Philipsburg Manor in Westchester County was home to many Yerks families, including Colleen’s 6th great-grandparents. I grew up in Westchester County, knowing little about Westchester’s role in the revolution. But through genealogy, I have learned that my children’s ancestors were right there at ground zero and were known as Patriots of the cause.

In the years following The Battle of White Plains (October 1776) and The Battle of Ridgefield (April 1777), Westchester became known as the Neutral zone. With a small contingent of American forces encamped North of the Croton River in upper Westchester County and the British encamped in New York City, the farms and villages in between became a lawless and mostly abandoned area. Any Patriots of fighting age headed North behind the American lines while loyalists headed South to New York City. John Yerks Jr no doubt headed North to the safety behind American lines.

While there were several minor incursions by both sides, it generally remained free of major battles in the years following. But then in late 1780, John Yerks, Colleen and Jimmy’s 6th great-granduncle, applied for a permit from the American Commander to go on a patrol down to the Philipsburg area. John and a small group of Patriots from the area headed south and broke up into two patrols. On September 23, 1780, one of the two patrols was responsible for Capturing Major Andre with the plans for West Point. By many historian accounts, this capture played a critical role in the overall success of the revolution. If the British had obtained the plans and attacked the fort, it would undoubtedly have fallen. But that is a whole other story for another time.

In 1781, Westchester was once again home to a very notable and historic event that would set the stage for the Revolutions’ grand finale in Yorktown, Virginia. Many of us have heard about “Rochambeau’s March” From Rhode Island, through Connecticut, and into Westchester, but few of us understood why they were here. The Friends of Odell House Rochambeau Headquarters in Hartsdale, New York, have produced this wonderful video explaining everything.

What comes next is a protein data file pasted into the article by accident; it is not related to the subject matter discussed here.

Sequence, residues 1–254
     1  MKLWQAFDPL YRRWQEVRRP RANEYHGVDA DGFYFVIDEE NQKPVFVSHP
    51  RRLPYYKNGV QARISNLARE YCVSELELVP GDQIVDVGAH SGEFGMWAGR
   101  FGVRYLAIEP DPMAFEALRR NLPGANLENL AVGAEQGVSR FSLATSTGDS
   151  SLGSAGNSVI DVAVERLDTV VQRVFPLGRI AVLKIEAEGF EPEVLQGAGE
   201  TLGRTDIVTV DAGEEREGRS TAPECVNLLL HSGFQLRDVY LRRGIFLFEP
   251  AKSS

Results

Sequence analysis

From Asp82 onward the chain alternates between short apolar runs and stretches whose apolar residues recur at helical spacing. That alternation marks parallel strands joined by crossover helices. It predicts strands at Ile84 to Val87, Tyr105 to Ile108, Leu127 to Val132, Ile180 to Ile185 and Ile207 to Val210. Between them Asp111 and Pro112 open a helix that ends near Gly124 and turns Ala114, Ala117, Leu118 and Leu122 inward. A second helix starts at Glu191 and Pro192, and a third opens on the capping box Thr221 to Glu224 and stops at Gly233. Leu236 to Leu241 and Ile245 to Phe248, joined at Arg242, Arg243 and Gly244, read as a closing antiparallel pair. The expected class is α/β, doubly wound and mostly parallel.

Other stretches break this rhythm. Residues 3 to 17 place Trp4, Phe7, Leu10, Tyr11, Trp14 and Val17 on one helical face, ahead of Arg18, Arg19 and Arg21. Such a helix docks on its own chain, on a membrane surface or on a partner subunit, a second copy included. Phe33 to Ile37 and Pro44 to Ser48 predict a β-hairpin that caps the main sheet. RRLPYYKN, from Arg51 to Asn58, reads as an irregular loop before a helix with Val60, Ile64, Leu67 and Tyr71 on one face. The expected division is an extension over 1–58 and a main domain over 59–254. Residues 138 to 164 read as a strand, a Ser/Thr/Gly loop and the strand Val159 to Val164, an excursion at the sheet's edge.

As you watch the video, keep in mind that William and Catherine Yerks’ farm was just five miles north of the American encampment in Hartsdale. You can learn more about the farm in a separate post I made some time ago.

Catherine was awarded the 300-acre farm after the war for her and her husband’s support of American troops during the war. I believe this video explains why.  

In 1911, a fire in New York’s State Capitol, Albany, destroyed an enormous amount of crucial historical and genealogical records. But in some burnt records that survived the fire (on microfilm), I found a receipt for “rales” and other supplies submitted by Catherine Yerks.

Widow Yerks was paid for five hundred and forty (540) railes, taken by or supplied to the Army of the United States.

Based on this video, it sounds like the Yerks farm would have been in a perfect position to support the massive amount of people at the encampment. The “railes” or rails were most likely fence rails to contain the cattle and horses of the encampment.